A Potent Blend
There is no doubt that technology is changing the world and with the right people leading the way, education stands to benefit dramatically. At UBC, technology is at the forefront of Flexible Learning – a commitment to bring more flexibility to how and where students do their learning.
“Technology is continually helping us find better ways to connect with students,” says Angela Redish, Vice Provost and Associate Vice President Enrolment and Academic Facilities.
Even though flexible learning is not completely dependent on technology, two areas where technology is making a huge impact are through ‘Blended Learning’ and ‘Massive Open Online Courses’ or MOOCs.
“Blended learning is about blending face to face with online communication,” explains professor Redish. One example of this is called a ‘flipped classroom’ because it minimizes the amount of lecturing and increases the amount of student/instructor interaction. “Students come to class after viewing videos and other online content so that the classroom can become more of a place for engagement and discussion.”
MOOCs are currently being touted as the single most transformative force in education today. Considering that UBC’s first MOOC attracted over 130,000 registrants from every Canadian province and almost every nation on the planet, it’s safe to say they are already having a profound impact. UBC’s early success with MOOCs can be partially attributed to the partnership with Coursera – a website that delivers free, publicly available non-credit courses to a worldwide audience. Coursera courses typically consist of videos and voice-over PowerPoint presentations, with student-led discussion forums, interactive activities, quizzes and assignments set at regular intervals.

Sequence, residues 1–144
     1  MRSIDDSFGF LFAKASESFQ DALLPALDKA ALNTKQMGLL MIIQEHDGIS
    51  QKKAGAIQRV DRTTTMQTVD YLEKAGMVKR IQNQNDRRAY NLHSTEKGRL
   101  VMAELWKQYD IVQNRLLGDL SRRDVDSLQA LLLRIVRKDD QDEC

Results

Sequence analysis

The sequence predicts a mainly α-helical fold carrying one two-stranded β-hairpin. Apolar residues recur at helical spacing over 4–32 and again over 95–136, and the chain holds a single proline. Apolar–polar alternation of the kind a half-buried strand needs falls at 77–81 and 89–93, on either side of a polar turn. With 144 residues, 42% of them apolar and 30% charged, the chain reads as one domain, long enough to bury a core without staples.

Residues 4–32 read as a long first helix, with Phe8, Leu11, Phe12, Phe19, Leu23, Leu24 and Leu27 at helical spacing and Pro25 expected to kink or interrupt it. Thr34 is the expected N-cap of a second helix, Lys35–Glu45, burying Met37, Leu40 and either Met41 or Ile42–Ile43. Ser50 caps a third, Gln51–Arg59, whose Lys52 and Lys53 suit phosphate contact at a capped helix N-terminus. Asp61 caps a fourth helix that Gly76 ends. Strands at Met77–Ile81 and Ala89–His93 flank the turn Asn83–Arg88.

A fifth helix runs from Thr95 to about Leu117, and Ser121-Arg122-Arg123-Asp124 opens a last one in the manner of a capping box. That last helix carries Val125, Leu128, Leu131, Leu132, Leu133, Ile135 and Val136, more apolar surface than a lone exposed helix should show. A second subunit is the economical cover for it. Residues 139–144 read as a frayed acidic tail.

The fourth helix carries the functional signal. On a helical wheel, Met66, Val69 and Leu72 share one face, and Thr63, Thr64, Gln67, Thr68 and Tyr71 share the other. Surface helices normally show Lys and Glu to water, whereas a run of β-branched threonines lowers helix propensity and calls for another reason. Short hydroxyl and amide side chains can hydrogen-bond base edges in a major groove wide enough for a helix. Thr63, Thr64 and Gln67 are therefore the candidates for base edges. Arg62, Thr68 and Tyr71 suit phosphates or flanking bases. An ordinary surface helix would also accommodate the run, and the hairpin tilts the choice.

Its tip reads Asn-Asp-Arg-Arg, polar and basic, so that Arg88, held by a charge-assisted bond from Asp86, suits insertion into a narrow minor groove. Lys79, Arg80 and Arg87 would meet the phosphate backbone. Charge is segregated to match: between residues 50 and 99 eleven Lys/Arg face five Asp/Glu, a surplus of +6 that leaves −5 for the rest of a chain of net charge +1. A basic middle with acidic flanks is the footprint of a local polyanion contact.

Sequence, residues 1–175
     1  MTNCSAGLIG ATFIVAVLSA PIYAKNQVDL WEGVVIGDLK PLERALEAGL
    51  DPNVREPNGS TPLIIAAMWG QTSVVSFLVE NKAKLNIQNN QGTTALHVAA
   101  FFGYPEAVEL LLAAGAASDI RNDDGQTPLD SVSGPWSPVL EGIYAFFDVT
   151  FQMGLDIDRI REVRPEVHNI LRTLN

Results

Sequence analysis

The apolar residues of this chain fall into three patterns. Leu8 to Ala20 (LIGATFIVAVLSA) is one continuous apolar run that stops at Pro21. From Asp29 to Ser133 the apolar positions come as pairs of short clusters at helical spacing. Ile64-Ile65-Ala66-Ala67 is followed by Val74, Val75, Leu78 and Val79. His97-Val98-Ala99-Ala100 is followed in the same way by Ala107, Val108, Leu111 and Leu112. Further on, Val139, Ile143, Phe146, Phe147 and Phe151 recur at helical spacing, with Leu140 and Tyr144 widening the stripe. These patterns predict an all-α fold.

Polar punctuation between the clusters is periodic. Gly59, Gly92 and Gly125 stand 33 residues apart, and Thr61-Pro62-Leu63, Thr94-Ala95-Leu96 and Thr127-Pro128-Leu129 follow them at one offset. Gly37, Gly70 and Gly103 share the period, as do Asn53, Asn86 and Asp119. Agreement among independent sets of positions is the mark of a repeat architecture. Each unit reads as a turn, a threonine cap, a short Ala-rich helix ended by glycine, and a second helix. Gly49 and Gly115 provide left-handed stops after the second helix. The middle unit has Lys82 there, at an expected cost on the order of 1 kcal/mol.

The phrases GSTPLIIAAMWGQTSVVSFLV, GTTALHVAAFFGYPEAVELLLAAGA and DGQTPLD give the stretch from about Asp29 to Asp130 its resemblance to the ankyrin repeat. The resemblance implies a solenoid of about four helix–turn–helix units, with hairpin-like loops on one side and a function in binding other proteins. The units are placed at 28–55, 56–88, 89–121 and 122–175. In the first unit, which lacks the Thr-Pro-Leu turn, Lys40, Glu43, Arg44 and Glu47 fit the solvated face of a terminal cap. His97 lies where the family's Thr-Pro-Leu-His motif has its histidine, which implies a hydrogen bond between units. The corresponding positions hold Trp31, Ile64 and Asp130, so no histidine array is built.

UBC has embraced flexible learning at both the Vancouver and Okanagan campuses because of its ability to enhance the learning experience for all students. Professor Redish says flexible learning is working because “students are excited about it and want to play a role in shaping it.”